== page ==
Rana Plaza disaster prompts international supply chain research project

Thursday, 22 October 2015  Media Alerts

Two years after the Rana Plaza building collapse that killed more than 1100 garment workers in Bangladesh, a global research team led by UNSW Australia will examine what changes have occurred in the policies and practices of retailers and brand firms, as well as changes in factory practices in Bangladesh.

The three-year 800,000 Euro project, funded by Volkswagen Foundation, with Wellcome Trust and Riksbanken Jubileumsfond, will involve leading researchers from Australia, the UK, Germany, Sweden and Bangladesh.

The April 2013 Rana Plaza building disaster focussed the world’s attention on building practices and safety and triggered a major international commitment to improving labour and environmental standards in Bangladesh and more generally.

“Significant changes are occurring but little is known about their content and impact. Many well-known firms pledged improvements in standards. We are keen to find out the results of such commitments,” said one of the project’s leaders, UNSW Business School’s Professor Stephen Frenkel. “This project will assess what exactly has been done.”

The study will analyse what changes have been made in the policies and practices of lead firms in global garment manufacturing across two liberal market economies (Australia and the UK) and two co-ordinated market economies (Germany and Sweden). It will also examine changes in Bangladeshi factories that supply garments to these lead firms – and see if factory managers and workers perceive improvements in safety standards, and labour and environmental practices more generally.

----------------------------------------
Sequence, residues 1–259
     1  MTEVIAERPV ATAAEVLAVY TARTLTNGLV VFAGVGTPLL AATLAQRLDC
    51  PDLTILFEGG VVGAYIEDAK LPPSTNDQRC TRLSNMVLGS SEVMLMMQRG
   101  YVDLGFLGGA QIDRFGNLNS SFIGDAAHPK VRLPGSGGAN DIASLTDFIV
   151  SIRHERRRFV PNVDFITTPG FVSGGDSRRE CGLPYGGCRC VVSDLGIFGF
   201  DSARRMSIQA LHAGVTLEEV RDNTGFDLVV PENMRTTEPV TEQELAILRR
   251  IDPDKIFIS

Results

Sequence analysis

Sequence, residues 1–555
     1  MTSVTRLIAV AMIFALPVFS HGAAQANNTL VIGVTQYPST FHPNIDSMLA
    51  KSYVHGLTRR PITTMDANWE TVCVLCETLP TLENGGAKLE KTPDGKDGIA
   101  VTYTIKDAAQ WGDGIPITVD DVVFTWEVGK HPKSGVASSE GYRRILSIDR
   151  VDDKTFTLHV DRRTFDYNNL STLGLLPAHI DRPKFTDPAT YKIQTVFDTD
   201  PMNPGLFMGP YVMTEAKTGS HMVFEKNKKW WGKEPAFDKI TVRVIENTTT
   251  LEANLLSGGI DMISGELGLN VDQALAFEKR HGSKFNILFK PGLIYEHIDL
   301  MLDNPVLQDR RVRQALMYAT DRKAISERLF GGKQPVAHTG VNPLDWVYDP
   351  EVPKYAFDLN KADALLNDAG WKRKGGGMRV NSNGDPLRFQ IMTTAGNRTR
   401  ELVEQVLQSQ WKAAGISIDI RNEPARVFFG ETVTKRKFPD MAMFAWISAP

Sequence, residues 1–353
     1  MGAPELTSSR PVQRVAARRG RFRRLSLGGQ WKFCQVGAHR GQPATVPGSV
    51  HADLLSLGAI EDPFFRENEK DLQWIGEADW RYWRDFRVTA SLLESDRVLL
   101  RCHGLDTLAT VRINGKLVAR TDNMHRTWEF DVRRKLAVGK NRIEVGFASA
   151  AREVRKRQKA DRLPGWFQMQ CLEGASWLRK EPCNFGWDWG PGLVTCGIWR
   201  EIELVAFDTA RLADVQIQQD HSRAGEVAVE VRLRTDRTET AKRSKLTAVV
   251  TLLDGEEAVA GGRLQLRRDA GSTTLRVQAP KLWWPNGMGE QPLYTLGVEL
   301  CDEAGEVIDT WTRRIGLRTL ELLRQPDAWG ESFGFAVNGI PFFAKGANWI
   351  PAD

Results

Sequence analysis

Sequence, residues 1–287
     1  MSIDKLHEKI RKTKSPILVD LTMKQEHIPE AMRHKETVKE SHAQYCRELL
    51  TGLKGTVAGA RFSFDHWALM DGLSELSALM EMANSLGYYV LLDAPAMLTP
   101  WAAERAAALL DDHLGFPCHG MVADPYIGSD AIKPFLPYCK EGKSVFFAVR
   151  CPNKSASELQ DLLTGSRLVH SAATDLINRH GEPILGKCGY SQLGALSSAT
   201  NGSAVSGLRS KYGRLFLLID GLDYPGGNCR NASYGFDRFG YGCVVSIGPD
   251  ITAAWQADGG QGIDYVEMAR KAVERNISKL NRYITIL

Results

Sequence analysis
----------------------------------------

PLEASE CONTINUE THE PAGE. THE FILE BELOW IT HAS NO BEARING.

Bangladesh’s garment industry, employing around 3.6 million people, accounts for 13% of GDP and nearly 25% of the country’s exports. The well-being of Bangladesh’s people, particularly women who comprise over 80% of the industry, depends crucially on the garment sector which in turn relies on lead firms in the EU and other developed countries. But there are only ‘soft laws’ to encourage lead firms to hold their suppliers to international labour and environmental standards, and the Bangladesh government has been slow to implement fundamental social and infrastructure reforms.

“The Bangladesh garment industry is a critical case for examining the effectiveness of combining private, public and civic regulation to uphold labour and environmental standards,” said Prof Frenkel. “What governance systems have been developed to improve labour and environmental practices? And do these new systems work effectively?”

The research teams are from UNSW, the London School of Economics in the UK, the Freie Universität Berlin in Germany, Gothenburg University in Sweden, and BRAC University in Bangladesh. Research will focus on the 20 largest clothing retailers and brand firms in the four developed countries and factories supplying these firms in Bangladesh and workers employed in the Bangladesh clothing sector.

Funding: 800,000 Euros (over 3 years from Jan 2016) from Volkswagen Foundation, with Wellcome Trust and Riksbanken Jubileumsfond, as part of the Europe and Global Challenges Program. 

Research Contact: 

UNSW Australia Business School (Lead researcher): Professor Stephen Frenkel  ​

Media contacts: 

UNSW Australia Business School Janine MacDonald  ; +61 478 492 110 

Julian Lorkin ​; +61 405 805 365 

Volkswagen: 

Tina Walsweer walsweer@volkswagenstiftung.de ​


rana-plaza-disaster-prompts-international-supply-chain-research-project